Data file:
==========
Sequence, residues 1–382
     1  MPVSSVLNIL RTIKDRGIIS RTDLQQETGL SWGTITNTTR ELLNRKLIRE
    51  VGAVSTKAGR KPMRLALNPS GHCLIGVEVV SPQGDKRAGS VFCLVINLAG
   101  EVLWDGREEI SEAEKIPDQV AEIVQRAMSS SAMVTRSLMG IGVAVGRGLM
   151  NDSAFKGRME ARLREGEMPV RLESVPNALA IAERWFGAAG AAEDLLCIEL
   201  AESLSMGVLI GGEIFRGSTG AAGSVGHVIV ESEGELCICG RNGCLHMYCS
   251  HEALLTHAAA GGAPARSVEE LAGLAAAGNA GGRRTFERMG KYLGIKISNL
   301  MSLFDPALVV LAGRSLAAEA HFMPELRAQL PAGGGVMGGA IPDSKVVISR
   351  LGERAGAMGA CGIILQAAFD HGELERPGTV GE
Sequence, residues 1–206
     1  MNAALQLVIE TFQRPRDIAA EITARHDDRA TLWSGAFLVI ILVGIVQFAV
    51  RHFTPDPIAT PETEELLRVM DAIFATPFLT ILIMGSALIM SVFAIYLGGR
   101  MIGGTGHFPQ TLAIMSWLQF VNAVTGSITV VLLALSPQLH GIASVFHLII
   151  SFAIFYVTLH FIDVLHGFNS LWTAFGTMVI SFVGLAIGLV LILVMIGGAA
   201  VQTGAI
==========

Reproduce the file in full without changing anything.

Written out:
Sequence, residues 1–382
     1  MPVSSVLNIL RTIKDRGIIS RTDLQQETGL SWGTITNTTR ELLNRKLIRE
    51  VGAVSTKAGR KPMRLALNPS GHCLIGVEVV SPQGDKRAGS VFCLVINLAG
   101  EVLWDGREEI SEAEKIPDQV AEIVQRAMSS SAMVTRSLMG IGVAVGRGLM
   151  NDSAFKGRME ARLREGEMPV RLESVPNALA IAERWFGAAG AAEDLLCIEL
   201  AESLSMGVLI GGEIFRGSTG AAGSVGHVIV ESEGELCICG RNGCLHMYCS
   251  HEALLTHAAA GGAPARSVEE LAGLAAAGNA GGRRTFERMG KYLGIKISNL
   301  MSLFDPALVV LAGRSLAAEA HFMPELRAQL PAGGGVMGGA IPDSKVVISR
   351  LGERAGAMGA CGIILQAAFD HGELERPGTV GE
Sequence, residues 1–206
     1  MNAALQLVIE TFQRPRDIAA EITARHDDRA TLWSGAFLVI ILVGIVQFAV
    51  RHFTPDPIAT PETEELLRVM DAIFATPFLT ILIMGSALIM SVFAIYLGGR
   101  MIGGTGHFPQ TLAIMSWLQF VNAVTGSITV VLLALSPQLH GIASVFHLII
   151  SFAIFYVTLH FIDVLHGFNS LWTAFGTMVI SFVGLAIGLV LILVMIGGAA
   201  VQTGAI